we take the gods as facts, rather than metaphors,
then we get lost in debating the merits of the
facts rather than apprehending their meaning.
The fundamentalist ties his or her believes to
the facts and narrows the spiritual vitality by
fighting rear-guard actions against disputation.
On the other hand, the atheist disputes the evidence,
gets confused by the institutional forms to which
he or she has been exposed, and misses the possible
deepening which occurs whenever one confronts
the meaning of divinity.
institutions prevail over private experience,
the oppression will manifest as depression and
reification, precursors to the horrors of pogroms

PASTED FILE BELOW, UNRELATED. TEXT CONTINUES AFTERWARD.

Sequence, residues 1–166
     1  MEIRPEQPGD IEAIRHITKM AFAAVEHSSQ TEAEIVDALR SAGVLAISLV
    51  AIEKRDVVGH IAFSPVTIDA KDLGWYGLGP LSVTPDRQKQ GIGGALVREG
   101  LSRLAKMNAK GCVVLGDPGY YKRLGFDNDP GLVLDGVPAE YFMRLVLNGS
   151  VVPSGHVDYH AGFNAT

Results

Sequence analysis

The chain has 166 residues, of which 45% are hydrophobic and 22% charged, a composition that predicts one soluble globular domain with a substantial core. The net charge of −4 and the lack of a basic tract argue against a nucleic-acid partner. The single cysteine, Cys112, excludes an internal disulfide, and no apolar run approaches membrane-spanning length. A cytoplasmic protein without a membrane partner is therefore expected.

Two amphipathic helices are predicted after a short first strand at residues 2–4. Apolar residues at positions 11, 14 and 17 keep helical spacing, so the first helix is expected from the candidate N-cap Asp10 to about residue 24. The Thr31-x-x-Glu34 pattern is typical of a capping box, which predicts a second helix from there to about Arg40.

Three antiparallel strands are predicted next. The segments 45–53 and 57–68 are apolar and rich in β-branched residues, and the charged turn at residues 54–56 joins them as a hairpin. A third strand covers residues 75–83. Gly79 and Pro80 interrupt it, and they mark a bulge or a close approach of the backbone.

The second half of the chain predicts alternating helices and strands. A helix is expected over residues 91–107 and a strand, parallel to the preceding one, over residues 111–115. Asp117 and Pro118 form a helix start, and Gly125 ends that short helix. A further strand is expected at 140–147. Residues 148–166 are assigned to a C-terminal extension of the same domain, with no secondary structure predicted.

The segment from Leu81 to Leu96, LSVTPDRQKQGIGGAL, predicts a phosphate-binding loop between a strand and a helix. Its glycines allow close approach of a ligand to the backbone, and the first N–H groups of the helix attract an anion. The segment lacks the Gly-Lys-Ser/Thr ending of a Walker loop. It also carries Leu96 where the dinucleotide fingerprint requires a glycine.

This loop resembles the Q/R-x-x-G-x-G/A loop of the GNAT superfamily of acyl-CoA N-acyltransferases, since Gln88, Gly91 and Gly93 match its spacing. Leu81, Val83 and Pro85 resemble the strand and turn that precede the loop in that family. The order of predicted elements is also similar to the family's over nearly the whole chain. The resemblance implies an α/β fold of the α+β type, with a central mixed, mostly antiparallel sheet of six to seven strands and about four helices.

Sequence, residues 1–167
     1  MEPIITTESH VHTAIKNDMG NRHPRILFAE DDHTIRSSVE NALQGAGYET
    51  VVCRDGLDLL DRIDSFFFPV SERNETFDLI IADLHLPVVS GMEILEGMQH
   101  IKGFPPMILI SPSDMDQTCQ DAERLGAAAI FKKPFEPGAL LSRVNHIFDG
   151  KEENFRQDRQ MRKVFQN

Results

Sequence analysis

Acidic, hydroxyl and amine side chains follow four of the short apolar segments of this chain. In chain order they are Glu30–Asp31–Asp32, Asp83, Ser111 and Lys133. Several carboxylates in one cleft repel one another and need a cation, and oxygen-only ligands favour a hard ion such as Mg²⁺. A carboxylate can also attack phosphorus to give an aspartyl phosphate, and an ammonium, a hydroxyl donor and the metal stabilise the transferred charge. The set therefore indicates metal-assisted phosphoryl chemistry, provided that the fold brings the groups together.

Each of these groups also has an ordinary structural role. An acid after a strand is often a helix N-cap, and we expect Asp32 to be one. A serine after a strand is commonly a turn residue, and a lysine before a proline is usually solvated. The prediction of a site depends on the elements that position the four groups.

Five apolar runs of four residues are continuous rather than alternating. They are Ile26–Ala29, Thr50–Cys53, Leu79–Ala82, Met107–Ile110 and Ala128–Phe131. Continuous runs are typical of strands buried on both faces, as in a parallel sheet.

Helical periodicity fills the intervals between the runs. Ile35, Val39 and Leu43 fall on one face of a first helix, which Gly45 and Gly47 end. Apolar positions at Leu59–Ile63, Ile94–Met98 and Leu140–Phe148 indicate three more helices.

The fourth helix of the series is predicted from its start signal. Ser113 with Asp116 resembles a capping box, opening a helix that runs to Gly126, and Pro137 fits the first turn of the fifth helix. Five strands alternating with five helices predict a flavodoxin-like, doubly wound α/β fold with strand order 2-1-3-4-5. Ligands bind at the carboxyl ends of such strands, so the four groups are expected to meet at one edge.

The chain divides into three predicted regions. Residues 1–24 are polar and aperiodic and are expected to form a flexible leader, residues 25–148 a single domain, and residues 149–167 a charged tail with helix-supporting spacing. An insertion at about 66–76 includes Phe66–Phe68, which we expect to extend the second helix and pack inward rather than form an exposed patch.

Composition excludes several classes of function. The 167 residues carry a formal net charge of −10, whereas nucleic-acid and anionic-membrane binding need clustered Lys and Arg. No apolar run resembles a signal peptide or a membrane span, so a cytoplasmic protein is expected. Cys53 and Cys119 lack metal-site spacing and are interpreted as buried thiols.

and crusades. This is the meaning behind the critiques
of Kierkegaard and Nietzsche in the nineteenth
century and the so-called “death of God”
theologians in the twentieth. Each had observed
that the imago Dei ossified and ceased to move
its communicants to awe. In time, the momentum
and self-interest of the institution can even
serve to prevent people from primal, religious
encounter which could actually threaten its stability
and the social vision it guards.
Jung said, the gods had become diseases. The names
they once rendered luminous had become husks.
As I have previously noted, the oldest of religious
sins is to worship the husk after the energy has
departed. It is called idolatry, and we have raised
up many false gods in our time. Consider our contemporary
Pantheon: plenipotentiary Progress, massive Materialism;
heroic Health; normative Narcissism, nasty Nationalism;
sophistic Scientism, and many others. None saves,
none connects, none abides, and we all damn well